Dog Parks

Should you go?

It’s nice to have a dog park in your city if you’re fortunate to have one, or more than one.  If you’re lucky, you may also have a variety of mountain trails to take your dogs to like I do in my town.

A group of dogs in an enclosed dog park.



A fenced dog park is a bonus, though, especially for visitors who may not be familiar with or confident on local trails or know the area very well.



What you need to know

  • They are not appropriate places “to socialize” a dog.
  • They are not for every dog. Many dogs aren’t comfortable being in groups of unfamiliar dogs.
  • Even if it’s fenced, dogs should still have some basic training before partaking.


1. Socializing and Social Skills

Meeting other dogs and learning how to interact appropriately needs to be taught with care. Dog owners should be involved in shaping their dog’s social skills rather than leaving the job to random dogs of unknown skill.  Contrary to popular opinion, dogs don’t always “work it out”.  We need to help them, and dog parks aren’t the best place to do this.

Several angry looking dogs.Dog parks tend to be small areas with little else for dogs to focus on except other dogs. Encountering groups of other dogs all focused on you can be overwhelming and frightening for a socially unskilled dog, especially a young one.  It’s not actually “normal” for dogs to continuously interact with each other for long periods of time. 

2 dogs sniffing the ground outside.It’s much more natural for dogs to interact for short periods and then go their own way, or to do things cooperatively with each other like chase a squirrel, check out an interesting smell, hang out and relax on the deck, go check out a something new, bark at someone walking by their house, etc.

If your dog isn’t socially skilled or mature, letting them run free in a dog park could lead to behaviour problems. Your dog could be intimidated or bullied by other dogs and your dog, unsure how to respond, could start acting defensively or bullying other dogs, too.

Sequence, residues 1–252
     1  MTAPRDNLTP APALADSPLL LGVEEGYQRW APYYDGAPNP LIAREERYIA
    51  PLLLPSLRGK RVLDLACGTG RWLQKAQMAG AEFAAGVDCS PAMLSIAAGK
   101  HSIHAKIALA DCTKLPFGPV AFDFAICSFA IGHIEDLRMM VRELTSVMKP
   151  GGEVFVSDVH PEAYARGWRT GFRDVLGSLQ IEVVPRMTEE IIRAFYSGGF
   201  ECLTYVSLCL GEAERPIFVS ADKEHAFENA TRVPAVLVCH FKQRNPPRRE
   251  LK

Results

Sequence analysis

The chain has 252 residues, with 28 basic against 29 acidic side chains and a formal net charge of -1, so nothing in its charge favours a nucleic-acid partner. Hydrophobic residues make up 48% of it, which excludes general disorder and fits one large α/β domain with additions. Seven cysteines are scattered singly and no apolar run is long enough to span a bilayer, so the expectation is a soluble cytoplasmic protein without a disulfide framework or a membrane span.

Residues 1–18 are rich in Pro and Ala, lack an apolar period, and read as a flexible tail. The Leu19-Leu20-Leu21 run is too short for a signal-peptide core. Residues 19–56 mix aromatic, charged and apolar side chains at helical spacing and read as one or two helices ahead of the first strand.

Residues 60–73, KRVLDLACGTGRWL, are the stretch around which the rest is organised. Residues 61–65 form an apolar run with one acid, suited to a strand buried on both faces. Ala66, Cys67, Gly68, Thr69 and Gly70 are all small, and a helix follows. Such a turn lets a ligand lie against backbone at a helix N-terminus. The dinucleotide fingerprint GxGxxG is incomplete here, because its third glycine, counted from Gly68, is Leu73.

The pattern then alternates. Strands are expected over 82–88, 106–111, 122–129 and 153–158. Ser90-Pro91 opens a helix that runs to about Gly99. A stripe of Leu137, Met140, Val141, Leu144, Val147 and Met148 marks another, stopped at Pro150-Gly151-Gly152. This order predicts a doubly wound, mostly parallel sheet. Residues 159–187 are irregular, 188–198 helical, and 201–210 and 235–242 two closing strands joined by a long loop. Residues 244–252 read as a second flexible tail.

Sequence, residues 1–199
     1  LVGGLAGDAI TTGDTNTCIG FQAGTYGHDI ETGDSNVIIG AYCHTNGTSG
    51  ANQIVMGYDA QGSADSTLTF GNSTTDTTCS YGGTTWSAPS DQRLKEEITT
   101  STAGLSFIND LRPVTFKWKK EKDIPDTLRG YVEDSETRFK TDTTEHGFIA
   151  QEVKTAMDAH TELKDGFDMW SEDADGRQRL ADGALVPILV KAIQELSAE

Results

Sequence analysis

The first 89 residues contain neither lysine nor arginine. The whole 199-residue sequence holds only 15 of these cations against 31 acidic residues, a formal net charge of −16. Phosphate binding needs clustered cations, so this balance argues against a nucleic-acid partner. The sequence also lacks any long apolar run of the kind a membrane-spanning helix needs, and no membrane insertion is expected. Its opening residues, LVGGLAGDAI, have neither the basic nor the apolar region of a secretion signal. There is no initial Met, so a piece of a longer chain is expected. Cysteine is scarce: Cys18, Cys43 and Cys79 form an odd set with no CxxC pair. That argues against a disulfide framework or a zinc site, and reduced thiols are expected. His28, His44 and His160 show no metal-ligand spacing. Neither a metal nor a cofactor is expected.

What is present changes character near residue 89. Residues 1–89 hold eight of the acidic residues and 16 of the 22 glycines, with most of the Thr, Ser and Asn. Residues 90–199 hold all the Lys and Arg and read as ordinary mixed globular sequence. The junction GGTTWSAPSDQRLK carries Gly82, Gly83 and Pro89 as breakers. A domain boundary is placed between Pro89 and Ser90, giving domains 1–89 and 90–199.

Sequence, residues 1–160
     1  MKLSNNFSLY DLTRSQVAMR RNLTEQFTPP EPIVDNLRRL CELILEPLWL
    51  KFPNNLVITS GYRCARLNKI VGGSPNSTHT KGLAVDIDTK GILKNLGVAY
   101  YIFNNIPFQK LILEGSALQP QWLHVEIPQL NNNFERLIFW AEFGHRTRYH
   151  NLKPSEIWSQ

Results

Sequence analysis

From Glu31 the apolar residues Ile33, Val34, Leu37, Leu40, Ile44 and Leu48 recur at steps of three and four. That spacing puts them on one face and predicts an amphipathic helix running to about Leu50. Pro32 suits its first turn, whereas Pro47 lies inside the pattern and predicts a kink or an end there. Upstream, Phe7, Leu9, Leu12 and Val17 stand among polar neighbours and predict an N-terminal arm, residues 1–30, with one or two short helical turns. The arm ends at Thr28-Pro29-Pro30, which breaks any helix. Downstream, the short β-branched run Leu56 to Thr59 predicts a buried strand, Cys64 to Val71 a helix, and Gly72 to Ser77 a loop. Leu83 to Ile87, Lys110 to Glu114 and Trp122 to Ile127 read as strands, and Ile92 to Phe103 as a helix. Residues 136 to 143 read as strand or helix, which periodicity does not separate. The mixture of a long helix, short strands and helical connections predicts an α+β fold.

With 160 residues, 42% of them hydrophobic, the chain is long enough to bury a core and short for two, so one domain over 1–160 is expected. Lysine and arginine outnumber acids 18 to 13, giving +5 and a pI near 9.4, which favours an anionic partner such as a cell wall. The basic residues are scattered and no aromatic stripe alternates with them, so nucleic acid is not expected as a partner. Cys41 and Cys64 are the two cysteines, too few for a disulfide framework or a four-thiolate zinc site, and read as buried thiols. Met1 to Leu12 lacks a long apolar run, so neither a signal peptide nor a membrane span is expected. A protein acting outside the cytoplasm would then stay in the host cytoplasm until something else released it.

2. Poor Candidates for a Dog Park

There are dogs who just shouldn’t go to a dog park unless it’s empty or they arrange to meet friends there for some play time.  They either don’t have the skills or nature to be there, or have behaviour issues which will either be problematic or become significantly more problematic as a result of going there.

Dogs who shouldn’t be at the dog park:

  • fearful or shy
  • under the age of 2
  • females in heat
  • easily over-aroused (barkers and “humpers”)
  • dog “selective”
  • resource guarders
  • fence runners (or jumpers)
  • prone to barrier frustration like “fence fighting”
  • any with a bite history (unless appropriately muzzled*)
  • old dogs and/or those experiencing physical or structural pain should be protected from the rambunctious activity at a dog park

Any dog who fits the description on the above list is likely to be anxious, frustrated, defensive or hyper-vigilant in a dog park.  They won’t enjoy the experience and, depending on how they’re managed, they can negatively impact other users’ experiences.  Many dogs who aren’t comfortable in a dog park can experience trauma which may not be detected by their owners but will impact their future behaviour especially if they’re young and still maturing.

Dogs who aren’t good candidates for a dog park may still successfully interact with dogs out on trails where people and their dogs are moving through the area purposefully, doing their own thing individually and not just hanging out for long periods of time in groups.  


3. Some Basic Training is Required

4 friendly dogs off leash on a trail posing for the camera.To prepare for dog park adventures, your dog should have a reasonably good recall away from other dogs and people, understand the social skill of polite greetings, have some tolerance for impolite greetings, offer or respond appropriately to play invitations and rejections, and know how to defuse the energy of another dog.

Dogs should be able to greet and come away from other dogs quickly without chasing, sniffing for too long (3 seconds is plenty!), or physically bombarding another dog without permission.

As the human end of the equation, be aware of what your dog is doing:

  • Frequently call them to you to check-in.
  • Leave fetch toys at home.
  • Keep any treats tucked away and wait for quiet moments to enter and exit.
  • Leave strollers and very young children at home.  Not all friendly dogs have been socialized with children or are comfortable with children.  For everyone’s safety, best to save time with children for leashed or trail walks where dogs are more closely monitored.

Having access to a dog park is a privilege.  A dog park is a shared space for friendly dogs and their owners. Everyone should learn how best to share it so it’s a positive experience for everyone.  We need to be responsible for our dog’s behaviour and invest in some training. 

With a little bit of planning, some skilled help from a positive trainer, and community cooperation, off leash dog areas can be a safe and fun experience for the right dogs.

*A Note About Muzzles and Dogs with a Bite History

A muzzle should not be used as a tool to put a dog in a position that would normally cause them to want to bite. 

Muzzles for dogs who have bitten are for management and safety, and dogs need to be positively trained to wear one comfortably and easily.  Once a dog is muzzle trained, the muzzle should be used in conjunction with a behaviour modification program to help the dog earn to be more comfortable and choose alternate behaviours to biting while keeping everyone safe.